Malta celebrates Independence Day. In 1964 it broke away from the United Kingdom. The islands, located in the Mediterranean Sea, are a bit less than twice the size of Washington, DC. Much of its economy is based on tourism and shipping. Over 400,000 people consider Malta home, and Valletta is the capital.
Belize celebrates Independence Day. It left British rule in 1981, but it is still part of the British Commonwealth. This small country (slightly smaller than the state of Massachusetts) is located on the northeastern coast of Central America. Tourism is the most important contributor to the economy. Around 340,000 people live in Belize, and Belmopan is the capital.
Armenia celebrates Independence Day. It broke away from the Union of Soviet Socialist Republics in 1991. Located in the Middle East, Armenia dates its history back to the sixth century BC. This landlocked country is a bit smaller than the state of Maryland. Almost three million people live in Armenia, and Yerevan is the capital.
International Day of Peace is sponsored by the United Nations. Created in 1981, the event calls on all factions to cease fire. This year’s theme is “Climate Action for Peace.” Children could learn more at: http://internationaldayofpeace.org/.
National Museum of the American Indian opened on the National Mall, Washington, DC, in 2004. Children can visit its website at: http://www.nmai.si.edu/.
Francis Hopkinson (born Philadelphia, Pennsylvania, 1737; died Philadelphia, Pennsylvania, May 9, 1791) signed the Declaration of Independence. Representing New Jersey, he was also a writer, lawyer and judge. Legend indicates he was instrumental in designing the flag of the United States.
Louis Jolliet (born near Quebec City, New France, 1645; died 1700) was an explorer. He and Jacques Marquette traveled extensively through the upper Mississippi River region. Idea: Children could trace some of the routes the two explorers traveled.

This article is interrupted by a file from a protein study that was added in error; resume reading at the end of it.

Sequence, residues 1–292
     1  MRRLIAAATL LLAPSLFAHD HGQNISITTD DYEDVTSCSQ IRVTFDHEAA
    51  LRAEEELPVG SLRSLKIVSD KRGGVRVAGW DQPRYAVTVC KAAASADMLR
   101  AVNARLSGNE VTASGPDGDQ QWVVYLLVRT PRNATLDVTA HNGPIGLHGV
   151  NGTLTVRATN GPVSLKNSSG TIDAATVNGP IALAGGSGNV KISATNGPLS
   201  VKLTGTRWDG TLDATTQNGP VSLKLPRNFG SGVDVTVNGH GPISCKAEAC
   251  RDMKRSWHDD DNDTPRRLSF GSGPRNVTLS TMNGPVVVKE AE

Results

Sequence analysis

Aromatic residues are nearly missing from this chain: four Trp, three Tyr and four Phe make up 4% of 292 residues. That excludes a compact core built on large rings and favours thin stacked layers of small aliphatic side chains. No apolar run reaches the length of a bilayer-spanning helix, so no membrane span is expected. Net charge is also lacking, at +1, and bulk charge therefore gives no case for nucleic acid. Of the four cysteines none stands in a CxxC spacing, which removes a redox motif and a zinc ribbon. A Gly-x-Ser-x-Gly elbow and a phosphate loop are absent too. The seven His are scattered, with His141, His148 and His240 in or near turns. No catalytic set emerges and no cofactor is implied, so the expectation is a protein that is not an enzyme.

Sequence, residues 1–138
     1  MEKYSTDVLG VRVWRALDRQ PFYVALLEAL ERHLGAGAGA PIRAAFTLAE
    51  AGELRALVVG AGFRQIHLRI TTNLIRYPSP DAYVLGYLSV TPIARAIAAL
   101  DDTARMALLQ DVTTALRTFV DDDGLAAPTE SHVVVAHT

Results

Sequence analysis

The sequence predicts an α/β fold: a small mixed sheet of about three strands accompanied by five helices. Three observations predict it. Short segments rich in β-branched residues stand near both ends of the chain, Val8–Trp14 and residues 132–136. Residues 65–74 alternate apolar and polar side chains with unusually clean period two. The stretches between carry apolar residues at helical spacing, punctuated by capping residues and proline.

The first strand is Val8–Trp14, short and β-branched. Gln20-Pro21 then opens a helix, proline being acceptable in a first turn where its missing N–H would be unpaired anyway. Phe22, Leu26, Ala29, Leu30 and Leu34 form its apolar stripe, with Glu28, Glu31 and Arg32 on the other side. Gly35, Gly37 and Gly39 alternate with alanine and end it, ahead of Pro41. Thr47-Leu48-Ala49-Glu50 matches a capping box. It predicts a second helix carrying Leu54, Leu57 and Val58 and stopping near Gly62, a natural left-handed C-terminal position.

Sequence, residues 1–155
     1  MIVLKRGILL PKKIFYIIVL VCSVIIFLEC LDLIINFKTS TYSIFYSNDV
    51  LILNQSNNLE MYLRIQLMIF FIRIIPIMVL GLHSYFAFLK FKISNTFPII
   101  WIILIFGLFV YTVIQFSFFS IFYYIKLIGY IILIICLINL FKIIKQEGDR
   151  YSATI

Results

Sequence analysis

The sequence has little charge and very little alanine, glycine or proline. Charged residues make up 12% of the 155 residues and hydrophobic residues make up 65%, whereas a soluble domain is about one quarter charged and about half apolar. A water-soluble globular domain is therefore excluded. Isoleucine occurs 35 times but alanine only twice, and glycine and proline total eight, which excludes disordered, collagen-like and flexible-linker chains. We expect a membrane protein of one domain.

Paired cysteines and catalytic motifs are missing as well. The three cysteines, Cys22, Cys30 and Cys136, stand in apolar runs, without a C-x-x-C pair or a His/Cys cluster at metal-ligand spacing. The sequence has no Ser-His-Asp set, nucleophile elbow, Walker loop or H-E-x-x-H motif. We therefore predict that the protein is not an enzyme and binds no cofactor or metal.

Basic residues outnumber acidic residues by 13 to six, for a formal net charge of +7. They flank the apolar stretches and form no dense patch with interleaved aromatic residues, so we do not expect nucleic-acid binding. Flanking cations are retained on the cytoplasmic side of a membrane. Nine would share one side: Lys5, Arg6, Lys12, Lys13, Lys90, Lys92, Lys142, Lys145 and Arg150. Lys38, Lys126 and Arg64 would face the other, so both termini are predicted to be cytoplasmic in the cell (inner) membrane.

Stephen King (born Portland, Maine, 1947) is an author. Two of his most famous works are The Shining and The Stand.
Margaret MacKall Smith Taylor (born Calvert County, Maryland, 1788; died East Pascagoula, Mississippi, August 14, 1852) was the wife of Zachary Taylor, twelfth president of the United States. She lived in the White House for less than eighteen months because he died in office. Even while First Lady, however, she relegated social functions to her daughter. No photograph or painting of her that can be authenticated exists. Children could visit a website at: Margaret Taylor.
Herbert George Wells (born Bromley, Kent, England, 1866; died London, England, August 13, 1946) was a writer. Two of his most famous works are The War of the Worlds and The Invisible Man. Children can read many of his works at: Project Gutenberg.
Hans Wilhelm (born Bremen, Germany, 1945) has written and/or illustrated over 200 books for children. His books include The Big Boasting Battle and the Noodles series. Children can visit his website at: Hans Wilhelm.
Taro Yashima (born Japan, 1908; died Los Angeles, California, June 30, 1994) wrote and illustrated books for children. He received three Caldecott Honor Awards: one in 1956 for Crow Boy, one in 1959 for Umbrella, and one in 1968 for Seashore Story.